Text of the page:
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Arriving at the hospital and debating which building it was, we were directed to the ward. I was given verbal directions of where to go once I arrived at the entrance but I am a spoonie with brain fog. Even before my brain cell had its wobble, I was useless with directions. I do not know my left and right unless I can refer to the scar on my hand. When I was still driving, it was common for me to arrive home late because I took the wrong turning on a roundabout. I have taken so many wrong turns, all roads look familiar. Verbal directions, especially over the phone when I can not see people’s gestures to help, are a mish mash of ” blah blah old corridor turn left blah blah double doors blah blah”. I can normally pick out enough landmarks to find my way but today that strategy failed.

Arriving at the ward, I knew something had gone completely wrong when staff look panicked when I said I  had a test booked. Papers got shuffled, manic typing of keyboard occurred and then the phone calls were made. Several minutes later ,the news was broken we were at the wrong hospital!

Whether the original mistake was theirs or mine, after all I am the one with the dodgy brain cell, we will never know.  I do know I did try to get a confirmation letter of the time, date and location but I was told it is no longer policy to send out letters. To me this makes no sense, especially in neurology. I like things written in black and write, to be read and reread repeatedly or shared wich others as back up. As my handwriting is affected, scribbling down notes as I talk on the phone is not the most reliable. Even I can’t decipher my writing!

I ticked off bad things that had happened – Kindle, accident and wrong location – I came up with three so decided we were OK for the rest of the day. Fighting back tears and trying to control a twisting body, I decided I would rather have gone to the wrong hospital than have the procedure to go wrong as the last problem. I am not superstitious at all

It is a 3 minute journey from one hospital to the next according to the SatNav. An hour and half later, we were struggling to find a parking space. The hospital had phoned to see where we were. I missed the call as I  fumbled one-handed to find the phone. Balancing the phone on a spasming knee, using the wrong hand ( my dominant one was preoccupied with practising it contortionists ability) I managed to listen to the message. Afer many repeated listens on speaker I managed to scrawl the number down. It was decided we were too late for things to be done. One test occurs over 6 hours but it has to be done after a lumbar puncture. That requires blood test results before hand. As a day ward they shut in the evening and the lab was also unavailable that late (for that night only). It just wasn’t meant to be happening that day. Resigned rather than angry or frustrated, a new date was made. One more week of no yellows.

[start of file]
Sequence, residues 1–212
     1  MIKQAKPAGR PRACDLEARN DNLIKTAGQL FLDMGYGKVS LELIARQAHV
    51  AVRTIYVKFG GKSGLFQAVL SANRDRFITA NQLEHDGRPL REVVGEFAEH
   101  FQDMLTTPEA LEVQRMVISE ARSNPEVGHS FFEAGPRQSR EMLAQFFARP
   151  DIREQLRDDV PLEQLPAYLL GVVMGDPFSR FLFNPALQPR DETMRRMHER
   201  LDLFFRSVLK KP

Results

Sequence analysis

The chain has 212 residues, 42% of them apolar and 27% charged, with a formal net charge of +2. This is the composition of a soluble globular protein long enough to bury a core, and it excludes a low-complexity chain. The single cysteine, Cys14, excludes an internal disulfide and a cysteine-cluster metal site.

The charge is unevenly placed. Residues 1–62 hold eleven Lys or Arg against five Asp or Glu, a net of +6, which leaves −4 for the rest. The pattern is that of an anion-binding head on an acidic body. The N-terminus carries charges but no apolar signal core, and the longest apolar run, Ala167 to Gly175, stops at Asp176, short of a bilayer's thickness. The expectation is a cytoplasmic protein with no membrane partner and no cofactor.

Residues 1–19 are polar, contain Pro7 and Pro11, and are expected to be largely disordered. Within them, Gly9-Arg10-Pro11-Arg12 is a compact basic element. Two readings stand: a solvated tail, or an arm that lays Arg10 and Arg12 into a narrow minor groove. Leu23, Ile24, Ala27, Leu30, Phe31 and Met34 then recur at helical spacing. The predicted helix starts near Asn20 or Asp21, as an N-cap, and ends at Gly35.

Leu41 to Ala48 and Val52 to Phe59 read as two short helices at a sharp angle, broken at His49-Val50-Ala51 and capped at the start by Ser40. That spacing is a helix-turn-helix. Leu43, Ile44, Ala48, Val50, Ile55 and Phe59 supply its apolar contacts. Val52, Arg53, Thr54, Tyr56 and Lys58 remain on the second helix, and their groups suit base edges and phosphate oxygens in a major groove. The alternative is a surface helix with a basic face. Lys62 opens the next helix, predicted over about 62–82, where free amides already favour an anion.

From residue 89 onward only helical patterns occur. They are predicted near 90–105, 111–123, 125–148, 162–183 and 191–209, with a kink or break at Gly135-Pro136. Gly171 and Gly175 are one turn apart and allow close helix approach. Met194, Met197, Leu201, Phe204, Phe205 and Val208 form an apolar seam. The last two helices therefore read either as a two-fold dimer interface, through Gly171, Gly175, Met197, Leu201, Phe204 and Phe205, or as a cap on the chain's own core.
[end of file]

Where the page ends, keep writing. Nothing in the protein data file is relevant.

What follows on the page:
On the plus side

  •  I have met the staff on the ward and they are nice
  • Talking to the doctor has made me slightly less apprehensive about having it done (emphasis on slightly)
  • We know the correct hospital and where the ward is
  • The next appointment doesn’t clash with the junior doctors strikes
  • A couple of hours later, I was drinking a cup of tea that wasn’t a NHS version (the traffic had miraculously melted away for the home journey)
  • I will have some reading material with me next time.
  • I know to ALWAYS check which hospital to attend, not just time and ward.

 

 

DRD tests, dystonia

And then there were none!

 

There are no more yellow ones* in my pill pot – zilch, nada, zero and it looks rather empty as well as less colourful. Forget what I said about reducing meds not being so bad, the last 3 weeks (the tests were delayed) have been hard,  tears of pain have been shed and my head has never been so full of swear words…

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Whoever wrote in the medical literature dystonia doesn’t hurt is lying. When it attacks it hurts. Muscles are powerful. It feels like something is going to snap, crack or break as the force of the contractions jolt my limbs and torso. Swear words ricochet through my  mind and I start breathing as if I am in an episode of “Call a midwife”. Unlike, labour there is no ebb and flow of the pain.  At times I want to yell as loud as possible when a spasm rips through your shoulder and back forcing your neck to twist side ways. It is a shame my throat feels tight and restricted otherwise the air would be blue. I struggle to talk never mind yell.  Bodies are not designed to contort into the positions dystonia forces them into. Unless you are a contortionist but that takes years off practice and you remain in control. This way round, dystonia grips hold of your muscles tightly and you can’t fight it. From experience, the more you try to fight the firmer the hold it has. The spasms just last longer and become more intense. Accepting you can’t win the battle is the only way through with the help of heat pads, cushions and distractions.